Autumn has returned in all its splendour, with God’s calligraphy adorning field and forest bearing a message that challenges global tensions and terrorism. But more about that in a moment.
First, I want to thank my two sons, Reg and James, for their thought-provoking guest columns of the past two weeks while my wife and I were away. (We were in Mexico visiting several humanitarian projects. My next two columns will feature some of our encouraging encounters.)
Commenting on photographic philosopher James’ column on keeping some things in focus and leaving others unfocused, Cochrane-rooted mountain guide and up-and-coming author Ken Wylie wrote:
“I read James’ column twice. Beautiful and simple. Life is about what we choose to focus on. What we make central in our lives. It can be the beauty of life, or the ugliness. We can focus on our mysterious essence, or our ever-changing and sometimes torturing thoughts. Wonderful reflections.”
While I have Ken at his keyboard, here’s his response to last week’s column by “computer nerd” Reg on the digital threat to penmanship:
“In any change we lose something and gain something else. If I were to have matured without computers, I would never have written a book. Never. My penmanship was always terrible and the keyboard made that judgment go away for me. Completely. Thanks to computers, I now have neat writing and can change and edit my ideas on the fly and it still looks tidy, rather than an embarrassment to written language. Because it is a tidy process I have become apt to embrace it in a way I never would have if I were to handwrite something.
“Yes, we lose one personal touch. But we gain another personal touch in the fact that a whole host of people, like me, actually communicate with the written word when they never would have otherwise. Good thoughts.”
Calgary coffee companion Jeff Perkins expressed concern over the impact of the demise of handwriting on collectables:
“We have to ask: what is the point of having an attic anymore?” he emailed me. “If no one is writing letters, there will be no need for dust-covered chests hidden away with grandma's correspondence neatly tied into bundles. Will it be that architecture will inevitably accept the fact that attic storage space, even though close to the clouds, will no longer be needed?”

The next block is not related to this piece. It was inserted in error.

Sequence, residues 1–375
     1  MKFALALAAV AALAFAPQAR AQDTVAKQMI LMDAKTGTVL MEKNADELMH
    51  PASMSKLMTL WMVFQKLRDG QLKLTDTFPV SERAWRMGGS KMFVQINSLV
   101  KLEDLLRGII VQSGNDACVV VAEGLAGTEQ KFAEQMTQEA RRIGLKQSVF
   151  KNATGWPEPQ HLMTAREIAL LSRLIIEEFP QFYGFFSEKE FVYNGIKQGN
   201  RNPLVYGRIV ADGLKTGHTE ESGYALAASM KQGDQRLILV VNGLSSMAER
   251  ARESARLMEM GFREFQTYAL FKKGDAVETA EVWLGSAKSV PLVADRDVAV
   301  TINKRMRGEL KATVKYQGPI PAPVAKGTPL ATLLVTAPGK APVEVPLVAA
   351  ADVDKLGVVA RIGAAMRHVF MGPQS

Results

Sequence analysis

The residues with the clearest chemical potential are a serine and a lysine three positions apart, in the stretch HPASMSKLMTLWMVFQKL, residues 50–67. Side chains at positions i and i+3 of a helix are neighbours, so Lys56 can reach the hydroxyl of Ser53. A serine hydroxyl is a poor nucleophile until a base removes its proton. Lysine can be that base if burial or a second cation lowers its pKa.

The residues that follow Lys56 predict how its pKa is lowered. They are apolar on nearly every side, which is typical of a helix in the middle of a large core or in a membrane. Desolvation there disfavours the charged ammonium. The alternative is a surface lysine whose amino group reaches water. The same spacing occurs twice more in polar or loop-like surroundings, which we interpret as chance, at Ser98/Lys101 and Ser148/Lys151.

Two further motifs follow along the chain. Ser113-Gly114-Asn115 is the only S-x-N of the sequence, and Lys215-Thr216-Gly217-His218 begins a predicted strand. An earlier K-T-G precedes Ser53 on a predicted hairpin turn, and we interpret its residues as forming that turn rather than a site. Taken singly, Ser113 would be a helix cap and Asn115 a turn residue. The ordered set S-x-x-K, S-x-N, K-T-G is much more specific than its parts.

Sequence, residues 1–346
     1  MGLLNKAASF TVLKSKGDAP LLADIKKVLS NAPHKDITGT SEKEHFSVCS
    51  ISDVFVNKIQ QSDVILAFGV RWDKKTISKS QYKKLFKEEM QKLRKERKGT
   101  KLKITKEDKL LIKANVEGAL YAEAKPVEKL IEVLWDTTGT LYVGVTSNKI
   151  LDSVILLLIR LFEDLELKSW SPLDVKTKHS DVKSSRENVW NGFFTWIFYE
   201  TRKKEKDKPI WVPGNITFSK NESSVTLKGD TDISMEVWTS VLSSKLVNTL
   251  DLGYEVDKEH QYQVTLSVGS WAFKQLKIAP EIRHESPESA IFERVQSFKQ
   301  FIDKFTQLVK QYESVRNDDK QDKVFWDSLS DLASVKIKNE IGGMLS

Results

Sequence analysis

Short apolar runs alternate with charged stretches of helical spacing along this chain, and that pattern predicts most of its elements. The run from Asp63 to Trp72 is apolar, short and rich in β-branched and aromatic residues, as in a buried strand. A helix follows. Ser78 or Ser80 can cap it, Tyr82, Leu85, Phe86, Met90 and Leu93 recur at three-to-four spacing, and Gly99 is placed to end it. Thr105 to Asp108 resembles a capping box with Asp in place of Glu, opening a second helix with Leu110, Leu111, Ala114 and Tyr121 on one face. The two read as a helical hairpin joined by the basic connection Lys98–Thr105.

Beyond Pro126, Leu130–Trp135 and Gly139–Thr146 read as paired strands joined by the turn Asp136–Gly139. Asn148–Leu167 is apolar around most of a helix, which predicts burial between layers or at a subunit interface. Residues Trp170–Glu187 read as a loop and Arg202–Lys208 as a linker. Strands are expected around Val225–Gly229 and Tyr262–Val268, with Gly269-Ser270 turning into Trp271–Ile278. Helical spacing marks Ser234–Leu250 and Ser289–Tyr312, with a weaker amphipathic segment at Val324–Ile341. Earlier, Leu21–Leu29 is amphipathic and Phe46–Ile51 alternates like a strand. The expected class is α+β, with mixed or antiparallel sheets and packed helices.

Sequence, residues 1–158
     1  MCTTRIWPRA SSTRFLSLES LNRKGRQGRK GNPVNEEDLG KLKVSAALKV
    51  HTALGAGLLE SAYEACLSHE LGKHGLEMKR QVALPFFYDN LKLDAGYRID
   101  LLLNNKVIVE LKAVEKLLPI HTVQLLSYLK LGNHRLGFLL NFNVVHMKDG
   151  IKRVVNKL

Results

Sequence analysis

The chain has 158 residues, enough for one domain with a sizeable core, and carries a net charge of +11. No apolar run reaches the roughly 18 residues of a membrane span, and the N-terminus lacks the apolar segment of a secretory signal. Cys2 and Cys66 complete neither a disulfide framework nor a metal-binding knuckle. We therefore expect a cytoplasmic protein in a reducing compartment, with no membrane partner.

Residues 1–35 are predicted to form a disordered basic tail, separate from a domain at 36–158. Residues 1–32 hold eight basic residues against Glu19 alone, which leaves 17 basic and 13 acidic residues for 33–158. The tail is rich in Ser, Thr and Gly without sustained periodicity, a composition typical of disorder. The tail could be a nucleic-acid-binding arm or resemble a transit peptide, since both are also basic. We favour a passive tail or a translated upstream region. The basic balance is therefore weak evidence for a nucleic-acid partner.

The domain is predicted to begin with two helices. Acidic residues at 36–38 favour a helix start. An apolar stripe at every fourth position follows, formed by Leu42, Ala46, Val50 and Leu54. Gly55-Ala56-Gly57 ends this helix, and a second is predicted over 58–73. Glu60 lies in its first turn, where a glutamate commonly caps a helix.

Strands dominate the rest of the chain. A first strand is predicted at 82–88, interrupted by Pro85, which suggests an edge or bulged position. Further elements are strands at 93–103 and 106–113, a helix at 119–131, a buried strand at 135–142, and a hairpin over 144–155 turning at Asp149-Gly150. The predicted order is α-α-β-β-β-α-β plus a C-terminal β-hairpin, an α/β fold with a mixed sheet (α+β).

Alberta literacy specialist Vera Goodman, who considers herself “old school,” wrote: “I think we are making a mistake in giving up handwriting.
“Job applications and other forms must often be hand-written. We ask kids to print but don’t teach them the right way to make circles and sticks so many can’t do it easily and legibly. Children gain a lot of coordination skills by exercising their hands and fingers while learning to write. I advocate simple calligraphy in grade one to enhance fine motor skills.”
Then there’s this response from Jenny Bocock of St. Albert, whose mother, British actress Phyllis Konstam, used a style of cursive illegible to one prominent director:
“My mother wrote a letter to Alfred Hitchcock. (Mum acted in two of his very early talking movies, Murder and The Skin Game.) He wrote back saying he had framed it and hung it on a wall, so she could read it to him next time she came to visit.”
Well, back to God, whose style is eminently legible. I’m attaching an autumn photo I took from my front door this week as I returned home for lunch. The view is toward the west, through the house, and out our blind-covered kitchen window.
In view of current world tensions, driven as they are by ill will and ignorance, that heavenly scene is a reminder to me of the profound blessing announced to all peoples of goodwill by the angelic choir at the birth of Jesus: “Peace!”